that meditating on the sufferings and death of our Redeemer ought to be a principal part of the Christian’s devotion during the time of Lent. For the season approaches in which we celebrate the yearly memory of our Lord’s passion, and therefore the Church, which at no time can forget the sufferings and death of her heavenly Spouse, at this time particularly recommends to her children to set before their eyes their crucified Saviour, and to make him the great object of their devotion. His passion is the ever-flowing source of all mercy, grace, and salvation to us; all our good must be derived from his cross; therefore, the more we approach to him in his sufferings, and station ourselves near the cross, by pious meditations on his passion, the more plentifully shall we partake of the mercy and grace which flow continually from those fountains of life, his precious wounds. The great design of Lent is that the sinner should now return to God, and sue for pardon and mercy; and what better means can he have for this, than by taking along with him to the throne of mercy the blood of Christ, by daily meditating on his passion.

Consider 2ndly, that the passion of Christ has been always from the beginning of the world, the great object of the devotion of the children of God: in all their bloody sacrifices of old, of oxen and sheep, they celebrated beforehand the death of the Lamb of God, slain in figure from the beginning of the world. And as, from the time of the fall of Adam, no grace could ever be derived to any man, but through the channel of the merits of the death and passion of our Redeemer, whose future coming was revealed to man immediately after his fall; so no sacrifices could ever be acceptable to God, but such as had relation to him, and through faith in him. Much more now under the new law, are all the faithful obliged to make the passion of Christ the great object of their devotion, since he has instituted the eucharistical sacrifice and sacrament, and left us therein the sacred mysteries of his body and blood; for this very end, that in our most solemn worship, we should have always before our eyes his passion and death. See, my soul, how much thy God desires thou shouldest remember what he has suffered for thee! And why? Doubtless that by this means thou mightest be confirmed in his love. O blessed be his goodness for ever!

Consider 3rdly, how ungrateful all such Christians are, as forget the suffering and death of their Redeemer; may they not all be reckoned in the number of those of whom he complained of old, by the Royal Prophet, that they left him alone in his passion, and took no notice of him. 'I looked on my right hand, and beheld, and there was no one that would know me,' Ps. cxli. 5. Had the meanest man upon earth suffered but the tenth part of what our Lord has suffered for the love of one of us, we should be basely ungrateful if we ever forgot his sufferings and his love. What then must we think of ourselves, if we forget the unspeakable sufferings and infinite love of the Son of God himself, nailed to a cross, to deliver us by his death from the eternal torments of hell? Ah, Christians, let us never be so ungrateful.

Conclude, O my soul, at this holy time at least, daily to accompany thy crucified Jesus by meditations on his sufferings. 'With Christ I am nailed to the cross,' said St. Paul, Gal. ii. 12. 'My love is nailed to the cross,’ said St. Ignatius, the martyr. O that like these generous lovers, we could always adhere to our crucified God.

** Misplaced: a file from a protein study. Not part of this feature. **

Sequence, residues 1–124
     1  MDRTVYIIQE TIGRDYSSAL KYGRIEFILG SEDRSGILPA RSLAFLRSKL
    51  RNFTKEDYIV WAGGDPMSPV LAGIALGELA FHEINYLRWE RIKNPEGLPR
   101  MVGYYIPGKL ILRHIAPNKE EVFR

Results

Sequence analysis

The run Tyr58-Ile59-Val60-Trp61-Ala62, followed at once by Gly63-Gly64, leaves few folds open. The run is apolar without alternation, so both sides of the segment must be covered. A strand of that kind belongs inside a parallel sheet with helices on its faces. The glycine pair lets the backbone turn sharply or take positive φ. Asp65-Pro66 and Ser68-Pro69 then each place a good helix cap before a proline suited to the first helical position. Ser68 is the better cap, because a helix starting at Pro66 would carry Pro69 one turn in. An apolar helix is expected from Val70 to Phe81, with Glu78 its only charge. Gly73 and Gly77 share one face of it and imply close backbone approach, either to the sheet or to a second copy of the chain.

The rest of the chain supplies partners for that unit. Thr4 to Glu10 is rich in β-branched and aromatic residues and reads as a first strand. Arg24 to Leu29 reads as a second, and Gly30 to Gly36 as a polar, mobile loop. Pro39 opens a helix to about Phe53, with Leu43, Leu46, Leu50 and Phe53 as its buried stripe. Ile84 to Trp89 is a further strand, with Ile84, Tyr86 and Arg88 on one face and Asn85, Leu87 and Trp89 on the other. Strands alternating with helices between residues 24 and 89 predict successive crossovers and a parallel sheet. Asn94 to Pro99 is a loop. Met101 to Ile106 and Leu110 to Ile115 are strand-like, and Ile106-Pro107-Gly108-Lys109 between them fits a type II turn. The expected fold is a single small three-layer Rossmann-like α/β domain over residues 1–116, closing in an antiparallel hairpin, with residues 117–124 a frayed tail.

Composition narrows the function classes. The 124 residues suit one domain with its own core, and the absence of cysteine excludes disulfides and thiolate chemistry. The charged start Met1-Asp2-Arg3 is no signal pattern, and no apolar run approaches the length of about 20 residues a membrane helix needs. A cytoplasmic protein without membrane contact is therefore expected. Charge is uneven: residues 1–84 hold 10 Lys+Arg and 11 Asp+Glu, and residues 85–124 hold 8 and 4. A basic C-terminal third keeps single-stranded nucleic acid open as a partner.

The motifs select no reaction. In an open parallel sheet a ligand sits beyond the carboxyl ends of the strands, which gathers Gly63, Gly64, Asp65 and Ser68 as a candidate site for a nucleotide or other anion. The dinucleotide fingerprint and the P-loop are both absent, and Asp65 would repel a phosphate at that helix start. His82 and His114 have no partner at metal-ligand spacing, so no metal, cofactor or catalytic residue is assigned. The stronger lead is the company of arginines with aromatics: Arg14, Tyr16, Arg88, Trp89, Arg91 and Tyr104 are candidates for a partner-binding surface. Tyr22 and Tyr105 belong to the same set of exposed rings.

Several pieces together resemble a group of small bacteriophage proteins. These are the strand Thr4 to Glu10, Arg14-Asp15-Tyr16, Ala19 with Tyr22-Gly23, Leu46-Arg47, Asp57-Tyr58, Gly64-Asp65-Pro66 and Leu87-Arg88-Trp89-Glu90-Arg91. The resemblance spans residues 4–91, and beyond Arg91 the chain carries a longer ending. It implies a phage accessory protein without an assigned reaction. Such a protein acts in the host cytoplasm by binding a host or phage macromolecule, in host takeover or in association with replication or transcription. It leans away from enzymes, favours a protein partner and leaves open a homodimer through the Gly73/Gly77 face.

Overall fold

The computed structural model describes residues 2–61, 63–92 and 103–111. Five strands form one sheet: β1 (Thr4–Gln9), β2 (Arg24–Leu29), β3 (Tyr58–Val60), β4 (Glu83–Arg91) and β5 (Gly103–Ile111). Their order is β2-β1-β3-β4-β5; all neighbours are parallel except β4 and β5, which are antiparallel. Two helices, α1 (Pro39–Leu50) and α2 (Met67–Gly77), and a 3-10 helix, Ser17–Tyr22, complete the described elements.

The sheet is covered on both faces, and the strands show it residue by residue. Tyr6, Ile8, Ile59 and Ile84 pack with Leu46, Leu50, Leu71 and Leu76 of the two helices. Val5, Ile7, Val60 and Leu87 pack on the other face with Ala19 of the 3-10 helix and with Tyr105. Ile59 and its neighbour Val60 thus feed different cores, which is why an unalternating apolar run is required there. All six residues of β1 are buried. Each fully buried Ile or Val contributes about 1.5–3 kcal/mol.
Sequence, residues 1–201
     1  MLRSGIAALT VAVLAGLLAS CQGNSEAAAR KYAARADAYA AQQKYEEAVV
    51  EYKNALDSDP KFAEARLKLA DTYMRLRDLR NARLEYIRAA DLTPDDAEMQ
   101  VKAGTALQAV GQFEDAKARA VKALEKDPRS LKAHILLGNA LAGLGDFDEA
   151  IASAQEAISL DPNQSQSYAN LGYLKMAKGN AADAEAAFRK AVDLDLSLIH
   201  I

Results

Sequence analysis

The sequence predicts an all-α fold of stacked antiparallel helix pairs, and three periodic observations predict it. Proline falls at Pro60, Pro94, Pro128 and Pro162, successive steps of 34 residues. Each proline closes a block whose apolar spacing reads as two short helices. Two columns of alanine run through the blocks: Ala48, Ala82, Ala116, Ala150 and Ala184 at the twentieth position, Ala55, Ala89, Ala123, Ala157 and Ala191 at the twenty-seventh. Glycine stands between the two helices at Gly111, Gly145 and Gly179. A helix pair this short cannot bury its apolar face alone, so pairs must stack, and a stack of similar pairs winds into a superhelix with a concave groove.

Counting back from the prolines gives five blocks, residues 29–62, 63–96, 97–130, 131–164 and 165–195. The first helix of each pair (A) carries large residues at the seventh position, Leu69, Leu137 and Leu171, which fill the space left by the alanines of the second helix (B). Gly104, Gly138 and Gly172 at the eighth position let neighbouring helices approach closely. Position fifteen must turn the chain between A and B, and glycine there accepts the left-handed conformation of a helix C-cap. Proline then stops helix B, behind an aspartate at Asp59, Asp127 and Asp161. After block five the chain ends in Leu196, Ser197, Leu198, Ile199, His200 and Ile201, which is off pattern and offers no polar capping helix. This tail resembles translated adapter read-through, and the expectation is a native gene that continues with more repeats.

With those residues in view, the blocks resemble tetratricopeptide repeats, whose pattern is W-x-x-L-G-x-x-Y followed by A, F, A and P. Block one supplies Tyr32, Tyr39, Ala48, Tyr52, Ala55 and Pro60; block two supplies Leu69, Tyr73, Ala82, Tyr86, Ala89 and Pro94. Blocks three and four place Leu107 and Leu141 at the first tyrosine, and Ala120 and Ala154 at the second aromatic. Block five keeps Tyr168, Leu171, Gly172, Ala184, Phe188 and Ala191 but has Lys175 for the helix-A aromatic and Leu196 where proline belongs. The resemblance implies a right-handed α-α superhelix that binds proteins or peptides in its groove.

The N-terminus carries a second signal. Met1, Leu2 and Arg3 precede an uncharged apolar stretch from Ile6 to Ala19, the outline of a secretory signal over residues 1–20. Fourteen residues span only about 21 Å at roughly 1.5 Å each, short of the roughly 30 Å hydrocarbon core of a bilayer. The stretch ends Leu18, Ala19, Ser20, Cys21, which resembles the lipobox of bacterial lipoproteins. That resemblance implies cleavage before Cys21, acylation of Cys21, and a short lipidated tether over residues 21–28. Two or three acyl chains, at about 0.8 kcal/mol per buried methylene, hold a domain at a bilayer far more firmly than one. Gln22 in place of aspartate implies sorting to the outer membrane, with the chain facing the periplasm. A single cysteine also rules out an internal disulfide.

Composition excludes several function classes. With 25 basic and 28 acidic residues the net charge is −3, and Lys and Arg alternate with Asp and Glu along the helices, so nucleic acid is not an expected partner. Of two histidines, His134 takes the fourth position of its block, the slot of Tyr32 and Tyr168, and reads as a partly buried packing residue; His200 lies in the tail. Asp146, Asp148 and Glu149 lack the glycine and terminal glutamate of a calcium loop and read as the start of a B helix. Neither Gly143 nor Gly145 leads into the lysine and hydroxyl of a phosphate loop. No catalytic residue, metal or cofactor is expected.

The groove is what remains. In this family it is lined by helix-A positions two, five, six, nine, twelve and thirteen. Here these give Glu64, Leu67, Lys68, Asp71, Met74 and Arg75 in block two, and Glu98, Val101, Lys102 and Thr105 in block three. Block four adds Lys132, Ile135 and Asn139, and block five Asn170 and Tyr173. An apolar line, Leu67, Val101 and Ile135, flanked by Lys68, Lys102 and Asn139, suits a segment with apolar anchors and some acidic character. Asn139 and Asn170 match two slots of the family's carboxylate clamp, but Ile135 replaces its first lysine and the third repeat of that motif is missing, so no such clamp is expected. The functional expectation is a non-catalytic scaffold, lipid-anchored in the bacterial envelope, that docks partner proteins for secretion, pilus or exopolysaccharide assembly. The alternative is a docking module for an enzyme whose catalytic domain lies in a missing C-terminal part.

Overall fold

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Admin

Administrator
25th Mar
1860


Monday, third week in Lent
On the great advantages of devotion to the Passion of Christ

Consider first, that the consideration of the passion of Christ is the sovereign means of all good to Christian souls. 'As Moses lifted up the serpent in the desert, so must the Son of man be lifted up,' saith our Lord to Nicodemus, John iii. 14, 15, 'that whosoever believeth in him may not perish, but may have everlasting life.' As then the looking at the brazen serpent, (which was a figure of the death of Christ,) was the means of divine appointment to heal the Israelites, who were bitten by the fiery serpents sent among them for their sins, and to rescue them from temporal death; so the contemplation of the passion of Christ, is the great means to heal Christian souls from the bites of the infernal serpent, and to deliver them from everlasting death. Every sinner that looks for mercy, must return to God with his whole heart, and that by faith, hope, love, and repentance. Now it is in meditating on the passion of Christ we contemplate the great object of our faith the chiefest ground of our hope; the most pressing motive of divine love; and the strongest and most effectual inducement to repentance for our sins. O! let us embrace then this great means of bringing us to God, and to all good.

Consider 2ndly, that as the belief of Christ crucified is the most fundamental article of the Christian’s faith, so it has the greatest influence of all other articles on our justification; according to that of the Apostle, Rom. iii. 23, 24, 25, 'that we all have sinned and need the glory of God; being justified freely by his grace through the redemption that is in Christ Jesus, whom God had proposed to be A PROPITIATION THROUGH FAITH IN HIS BLOOD,' &c. ‘Tis then through faith in his blood we are to be introduced to the divine mercy and ‘tis by meditation on his passion we are to be introduced to a lively faith in his blood. So that the devotion to the passion of Christ is the shortest way to come at justifying faith. It has no less influence on our hope, by setting before our eyes how much God has loved us in giving his only Son, and the great grounds we have to look for all good through him. For as the Apostle writes, Rom. viii. 32, 'He that spared not even his own Son, but delivered him up for us all, hath he not also with him given us all things.' O what an earnest indeed has God given us of all mercy, grace, and salvation in the blood of his Son! O what may not poor sinners hope for from such and so great a Redeemer, if they apply to this sacred passion by daily meditations, and offer up their humble supplications to his Father, through him, and his infinite merits.